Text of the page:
Question about 1987 GMC VanDura

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Engine will not fire at all. 1987 GMC S-15, 2.8L engine

Have replaced plugs, plug wires, coil, ignition module. With the ignition in the on position, measured 12VDC at the + terminal on the ignition module, but not at the C or B terminals. I believe that the B terminal should not have 12VDC, but the C terminal should have 12VDC. Can you help. Also, the book that we are using(Helms?) says that the pickup coil in the distributor should not read infinite resistance when measured between any of the two terminals on the coil to ground, however, I do get an infinite reading. The terminal to terminal resistance of the pickup coil is within the spec given by the book.

Hope you can help.

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Good Morning,

(1987, GMC, S-15, 2.8V6,Pickup truck) The problem still exists. I think I am to the point where I have to pull the distributor out of the engine. I have never done that before, so I will be very careful.
I also decribed the problem to your Premium Assistance Service and as of now, have had no response.

Posted on Jan 13, 2009

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Posted on Jan 02, 2017

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My 95 GMC Sonoma 2.2L has fire to the coils but not to the sparkplugs i have replaced the coils and crankshaft sensor does any know what the problem could be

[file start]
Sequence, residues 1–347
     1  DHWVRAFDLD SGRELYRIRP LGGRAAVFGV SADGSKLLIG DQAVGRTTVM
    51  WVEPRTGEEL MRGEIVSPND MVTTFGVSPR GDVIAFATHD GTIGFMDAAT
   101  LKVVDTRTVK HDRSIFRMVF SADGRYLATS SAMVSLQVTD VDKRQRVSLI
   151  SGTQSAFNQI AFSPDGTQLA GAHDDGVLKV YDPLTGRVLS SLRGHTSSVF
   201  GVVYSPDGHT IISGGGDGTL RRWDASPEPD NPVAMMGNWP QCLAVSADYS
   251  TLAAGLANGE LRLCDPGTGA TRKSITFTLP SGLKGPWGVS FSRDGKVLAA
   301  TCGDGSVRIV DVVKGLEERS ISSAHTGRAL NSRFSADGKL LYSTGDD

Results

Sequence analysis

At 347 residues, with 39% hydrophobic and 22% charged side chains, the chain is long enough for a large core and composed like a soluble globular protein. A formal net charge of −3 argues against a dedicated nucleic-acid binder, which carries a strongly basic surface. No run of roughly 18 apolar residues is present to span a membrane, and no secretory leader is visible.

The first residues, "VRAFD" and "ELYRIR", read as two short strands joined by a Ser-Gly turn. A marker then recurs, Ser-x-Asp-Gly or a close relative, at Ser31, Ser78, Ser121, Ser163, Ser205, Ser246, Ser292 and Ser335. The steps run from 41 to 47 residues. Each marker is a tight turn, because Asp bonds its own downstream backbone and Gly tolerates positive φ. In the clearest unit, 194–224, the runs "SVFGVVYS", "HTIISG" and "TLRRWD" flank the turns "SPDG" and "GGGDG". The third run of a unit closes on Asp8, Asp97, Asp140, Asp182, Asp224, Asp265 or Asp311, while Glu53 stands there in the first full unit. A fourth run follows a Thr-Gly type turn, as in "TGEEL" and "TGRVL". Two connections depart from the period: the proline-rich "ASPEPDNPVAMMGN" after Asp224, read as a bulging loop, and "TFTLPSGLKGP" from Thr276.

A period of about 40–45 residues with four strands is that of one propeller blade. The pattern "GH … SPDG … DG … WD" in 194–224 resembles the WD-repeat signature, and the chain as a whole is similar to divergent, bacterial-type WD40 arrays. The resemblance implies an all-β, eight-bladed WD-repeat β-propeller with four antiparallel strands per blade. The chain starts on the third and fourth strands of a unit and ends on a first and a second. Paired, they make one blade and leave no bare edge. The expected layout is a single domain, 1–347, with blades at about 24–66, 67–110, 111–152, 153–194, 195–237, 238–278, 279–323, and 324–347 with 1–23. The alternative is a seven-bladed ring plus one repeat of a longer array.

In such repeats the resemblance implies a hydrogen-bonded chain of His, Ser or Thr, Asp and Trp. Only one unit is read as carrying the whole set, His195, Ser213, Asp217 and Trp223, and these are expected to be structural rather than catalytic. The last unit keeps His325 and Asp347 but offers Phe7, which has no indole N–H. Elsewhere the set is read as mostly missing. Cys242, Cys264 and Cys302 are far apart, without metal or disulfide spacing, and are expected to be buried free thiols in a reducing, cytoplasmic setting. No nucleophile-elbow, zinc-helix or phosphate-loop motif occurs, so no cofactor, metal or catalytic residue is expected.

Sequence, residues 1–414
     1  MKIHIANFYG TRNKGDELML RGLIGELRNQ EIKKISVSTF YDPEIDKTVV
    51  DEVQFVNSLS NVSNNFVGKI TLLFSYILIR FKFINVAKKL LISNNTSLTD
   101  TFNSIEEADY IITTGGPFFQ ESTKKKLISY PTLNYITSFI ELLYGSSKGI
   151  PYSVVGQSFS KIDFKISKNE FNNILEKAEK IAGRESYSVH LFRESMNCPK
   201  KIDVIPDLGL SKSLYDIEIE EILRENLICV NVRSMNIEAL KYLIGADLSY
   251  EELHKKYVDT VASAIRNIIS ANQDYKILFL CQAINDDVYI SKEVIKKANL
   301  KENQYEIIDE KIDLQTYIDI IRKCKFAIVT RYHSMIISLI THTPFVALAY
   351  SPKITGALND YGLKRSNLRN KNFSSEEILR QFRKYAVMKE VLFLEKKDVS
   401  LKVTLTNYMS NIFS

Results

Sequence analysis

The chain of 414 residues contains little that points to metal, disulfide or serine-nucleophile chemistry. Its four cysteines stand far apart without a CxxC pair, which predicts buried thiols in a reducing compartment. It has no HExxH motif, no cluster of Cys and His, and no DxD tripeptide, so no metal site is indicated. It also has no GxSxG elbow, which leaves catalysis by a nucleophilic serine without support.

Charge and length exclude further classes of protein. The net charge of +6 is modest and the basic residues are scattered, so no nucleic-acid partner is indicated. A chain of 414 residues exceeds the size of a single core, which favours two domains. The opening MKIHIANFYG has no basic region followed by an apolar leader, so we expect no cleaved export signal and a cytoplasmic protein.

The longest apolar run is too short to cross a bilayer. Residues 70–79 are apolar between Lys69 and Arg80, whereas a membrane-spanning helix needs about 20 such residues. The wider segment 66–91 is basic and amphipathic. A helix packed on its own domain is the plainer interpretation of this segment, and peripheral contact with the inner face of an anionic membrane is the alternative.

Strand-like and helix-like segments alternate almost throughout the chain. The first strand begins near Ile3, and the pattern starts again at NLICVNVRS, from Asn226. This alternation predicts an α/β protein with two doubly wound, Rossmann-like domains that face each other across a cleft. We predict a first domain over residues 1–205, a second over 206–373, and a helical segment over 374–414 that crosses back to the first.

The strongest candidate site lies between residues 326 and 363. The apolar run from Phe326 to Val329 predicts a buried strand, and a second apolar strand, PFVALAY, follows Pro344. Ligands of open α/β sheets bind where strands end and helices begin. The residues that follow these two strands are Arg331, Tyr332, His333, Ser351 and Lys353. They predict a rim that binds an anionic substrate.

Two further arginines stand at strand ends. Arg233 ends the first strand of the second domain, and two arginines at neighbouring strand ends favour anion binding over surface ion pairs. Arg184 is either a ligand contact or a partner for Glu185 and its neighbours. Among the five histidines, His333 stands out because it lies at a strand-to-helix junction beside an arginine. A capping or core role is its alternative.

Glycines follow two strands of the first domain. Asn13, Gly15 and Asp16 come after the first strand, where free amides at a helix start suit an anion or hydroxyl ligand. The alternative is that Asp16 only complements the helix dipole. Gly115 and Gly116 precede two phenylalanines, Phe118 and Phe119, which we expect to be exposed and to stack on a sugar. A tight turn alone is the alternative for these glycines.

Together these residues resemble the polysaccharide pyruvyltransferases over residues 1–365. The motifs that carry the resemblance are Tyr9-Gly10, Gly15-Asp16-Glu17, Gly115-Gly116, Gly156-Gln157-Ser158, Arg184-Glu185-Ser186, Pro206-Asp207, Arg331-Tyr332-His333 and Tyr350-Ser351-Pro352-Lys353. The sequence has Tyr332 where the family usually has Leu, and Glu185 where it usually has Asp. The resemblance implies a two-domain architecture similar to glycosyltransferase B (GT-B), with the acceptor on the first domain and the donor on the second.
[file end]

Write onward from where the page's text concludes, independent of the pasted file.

What do you mean, you got fire at the coils? What testing have you done? What about the plug wires?
If you can remove one coil from ignition module, use a test lite at the primary terminals where the coil plugs into ignition module, crank the engine, does the lite pulse? If nothing, have to check voltage and ground to ignition module, if that checks out, suspect the ignition module.

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Do a 2004 Envoy SLT 4.2L have a Ignition Module?


Crankshaft position sensor,cam sensor . your vehicle should have coil on plug , a coil at each spark plug !
Ignition Coils
Each ignition coil has an ignition 1 feed and a ground. The PCM supplies an ignition control (IC) circuit. Each ignition coil contains a solid state driver module as its primary element. The powertrain control module (PCM) signals the coil driver to initiate a firing event by applying a signal to the IC circuit at the appropriate time. When the signal is removed, the coil fires the spark plug. The spark plugs are tipped with platinum for long wear and higher efficiency.
During normal operation the powertrain control module (PCM) controls all ignition functions. If either the crankshaft position (CKP) or camshaft position (CMP) sensor signal is lost, the engine will continue to run because the PCM will default to a limp home mode using the remaining sensor input. As mentioned above, each coil is internally protected against damage from excessive voltage. If one or more coils were to fail in this manner, a misfiring condition would result. Diagnostic trouble codes are available to accurately diagnose the ignition system with a scan tool.